A change of seasons

It was a sunset befitting the end of the season. The sky was orange like a wildfire with wisps of clouds rising like smoke above the mountains. To the east, even Mt. Baker – distant across the American border (and the venue of this year’s ‘epic’ ride for your author, thanks to the excellent team from La Bicicletta Pro Shop in Vancouver) – was visible, snow covered, receding into the dusk. For it was not even eight-thirty and already the afternoon light was rapidly disappearing. The end of a season.

Much as we might rally against it, we cyclists are seasonal creatures. Spring is the time for beginnings, summer the time for achievements, fall or autumn the time for endings, and winter either for renewal or for contemplation. For your author, summer cycling is defined by the beginning of mid-week crit racing in early May and which finishes in the last week of August, even is this does not conform to a conventional division of the seasons. It begins as the weather is usually turning for the warmer, and the evenings for the brighter, and ends when the evenings turn darker, even if the weather (potentially like this year) persists in staying warm well into the next month.

There’s no particular reason for this division; the racing is for fun and fitness, and for friendly rivalries, rather than a focal point. But it represents a rhythm for the year. Once it ends it signals the end of evening riding, a return to more conventional hours. The race bike also feels tired: the bar tape discoloured (despite regular buffing) and uneven; the chain stretched and worn; tyres dusty and festooned with nicks and cuts; mysterious creaks in the pedals, the cranks, the wheels, and who knows where else. With nothing left on the calendar the overwhelming temptation is to repair, replace, and rebuild – and then retire to storage until next year.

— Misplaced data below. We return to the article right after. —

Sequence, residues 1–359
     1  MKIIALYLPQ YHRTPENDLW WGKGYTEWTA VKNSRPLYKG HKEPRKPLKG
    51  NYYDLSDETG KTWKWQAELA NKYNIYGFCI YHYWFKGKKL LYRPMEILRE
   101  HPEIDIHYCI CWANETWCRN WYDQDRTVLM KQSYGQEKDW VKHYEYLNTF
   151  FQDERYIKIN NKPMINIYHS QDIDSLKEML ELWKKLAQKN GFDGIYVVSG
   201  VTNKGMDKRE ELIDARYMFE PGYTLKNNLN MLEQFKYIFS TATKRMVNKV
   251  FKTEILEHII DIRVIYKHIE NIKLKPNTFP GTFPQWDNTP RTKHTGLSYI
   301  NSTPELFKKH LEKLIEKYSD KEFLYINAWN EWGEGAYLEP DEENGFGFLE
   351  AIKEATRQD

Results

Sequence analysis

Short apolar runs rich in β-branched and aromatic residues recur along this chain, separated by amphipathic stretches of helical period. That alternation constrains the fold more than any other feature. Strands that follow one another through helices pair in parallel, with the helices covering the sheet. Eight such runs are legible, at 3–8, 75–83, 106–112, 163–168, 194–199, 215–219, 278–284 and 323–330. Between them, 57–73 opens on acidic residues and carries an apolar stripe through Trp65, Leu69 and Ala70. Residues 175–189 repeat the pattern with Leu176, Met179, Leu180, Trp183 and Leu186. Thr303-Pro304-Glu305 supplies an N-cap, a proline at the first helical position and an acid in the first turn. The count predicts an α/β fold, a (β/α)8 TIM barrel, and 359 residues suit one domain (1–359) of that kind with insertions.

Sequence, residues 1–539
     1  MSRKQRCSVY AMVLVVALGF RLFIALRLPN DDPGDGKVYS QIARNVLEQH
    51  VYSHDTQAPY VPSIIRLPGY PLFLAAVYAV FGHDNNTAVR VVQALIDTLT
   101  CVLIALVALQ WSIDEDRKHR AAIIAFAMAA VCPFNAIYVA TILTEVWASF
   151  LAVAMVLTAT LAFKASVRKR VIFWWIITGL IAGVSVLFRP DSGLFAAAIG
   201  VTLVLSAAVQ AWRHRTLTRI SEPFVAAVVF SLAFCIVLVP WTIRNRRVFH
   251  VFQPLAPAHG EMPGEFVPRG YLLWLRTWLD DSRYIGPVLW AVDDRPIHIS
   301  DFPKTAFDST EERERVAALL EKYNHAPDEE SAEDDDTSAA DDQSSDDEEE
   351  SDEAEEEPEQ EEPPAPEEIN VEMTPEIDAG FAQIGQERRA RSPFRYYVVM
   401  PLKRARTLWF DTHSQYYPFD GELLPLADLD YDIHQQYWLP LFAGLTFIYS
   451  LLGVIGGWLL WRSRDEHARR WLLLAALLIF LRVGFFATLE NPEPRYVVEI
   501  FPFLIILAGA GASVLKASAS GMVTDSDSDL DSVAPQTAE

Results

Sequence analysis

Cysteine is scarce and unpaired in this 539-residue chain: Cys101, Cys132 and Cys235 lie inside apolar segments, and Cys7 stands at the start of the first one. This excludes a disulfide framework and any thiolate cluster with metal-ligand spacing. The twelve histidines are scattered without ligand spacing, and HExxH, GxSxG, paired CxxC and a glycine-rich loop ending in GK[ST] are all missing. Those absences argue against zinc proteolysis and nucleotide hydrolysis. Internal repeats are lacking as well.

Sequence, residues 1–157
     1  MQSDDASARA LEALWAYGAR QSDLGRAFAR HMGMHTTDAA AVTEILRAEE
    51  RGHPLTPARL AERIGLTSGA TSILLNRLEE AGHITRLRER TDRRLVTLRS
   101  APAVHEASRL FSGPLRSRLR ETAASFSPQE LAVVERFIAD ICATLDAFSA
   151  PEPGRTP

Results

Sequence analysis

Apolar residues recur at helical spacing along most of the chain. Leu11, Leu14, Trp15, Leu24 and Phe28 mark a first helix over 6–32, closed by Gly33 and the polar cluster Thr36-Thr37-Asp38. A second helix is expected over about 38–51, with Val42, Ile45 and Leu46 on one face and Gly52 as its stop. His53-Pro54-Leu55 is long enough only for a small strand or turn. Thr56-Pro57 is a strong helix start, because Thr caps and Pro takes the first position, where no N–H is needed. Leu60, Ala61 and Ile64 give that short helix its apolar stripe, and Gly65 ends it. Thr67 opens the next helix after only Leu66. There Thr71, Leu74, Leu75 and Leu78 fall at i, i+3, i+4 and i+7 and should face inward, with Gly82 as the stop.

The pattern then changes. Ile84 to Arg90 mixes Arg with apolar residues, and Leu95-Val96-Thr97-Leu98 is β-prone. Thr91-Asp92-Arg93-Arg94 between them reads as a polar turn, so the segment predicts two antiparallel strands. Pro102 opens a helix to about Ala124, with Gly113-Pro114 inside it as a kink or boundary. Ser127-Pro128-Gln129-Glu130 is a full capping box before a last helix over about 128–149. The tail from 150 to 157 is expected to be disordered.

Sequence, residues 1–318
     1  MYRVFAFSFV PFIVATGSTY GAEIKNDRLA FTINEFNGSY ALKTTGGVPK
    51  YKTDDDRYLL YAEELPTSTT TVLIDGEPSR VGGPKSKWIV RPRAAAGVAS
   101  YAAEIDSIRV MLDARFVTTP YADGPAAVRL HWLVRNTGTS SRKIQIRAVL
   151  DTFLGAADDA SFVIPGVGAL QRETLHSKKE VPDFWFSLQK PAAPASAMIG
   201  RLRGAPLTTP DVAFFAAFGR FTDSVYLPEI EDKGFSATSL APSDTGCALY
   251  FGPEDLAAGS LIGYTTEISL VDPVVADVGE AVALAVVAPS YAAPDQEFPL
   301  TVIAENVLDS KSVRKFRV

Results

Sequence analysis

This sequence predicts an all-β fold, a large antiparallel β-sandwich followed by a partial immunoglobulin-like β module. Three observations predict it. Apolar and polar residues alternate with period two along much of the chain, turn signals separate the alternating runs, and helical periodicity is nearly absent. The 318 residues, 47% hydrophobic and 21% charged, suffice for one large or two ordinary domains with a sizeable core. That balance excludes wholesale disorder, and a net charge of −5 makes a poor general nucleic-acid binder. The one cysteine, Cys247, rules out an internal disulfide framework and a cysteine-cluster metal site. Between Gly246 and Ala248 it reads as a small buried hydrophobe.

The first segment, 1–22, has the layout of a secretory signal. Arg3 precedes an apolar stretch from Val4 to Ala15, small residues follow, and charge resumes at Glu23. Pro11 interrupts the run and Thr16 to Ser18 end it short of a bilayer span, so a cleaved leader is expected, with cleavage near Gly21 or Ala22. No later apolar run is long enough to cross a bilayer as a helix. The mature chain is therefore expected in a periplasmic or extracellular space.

Indeed, time spent on bicycle TLC now is not time wasted but instead a well-spent investment. Who can remember when next spring rolls around (unless meticulous records are kept) when the chain and cassette were replaced, if the seat was adjusted, if tyres felt tired, which bolts were tightened. Better to tend to all those details now, when the memories of riding are still fresh and time is plentiful, instead of in a new year when absentmindedness and the urge to ride forestall a thorough pre-season check.

But perhaps there are still a few more weeks left, or even months, as we move into fall, the time for endings when epic rides can be completed, unridden routes re-explored, or mountains climbed one last time. For soon the winter tyres or wheels, or even the cyclocross or winter bike, will come out of storage, and the rain and the cold and the dark will be upon us; distracted minds will wander to new plans for riding adventures, mystical training techniques, and fortifying tonics, looking forward to a new season of empty summer skies.

Mt. Baker in the sunset and a pretty tough climb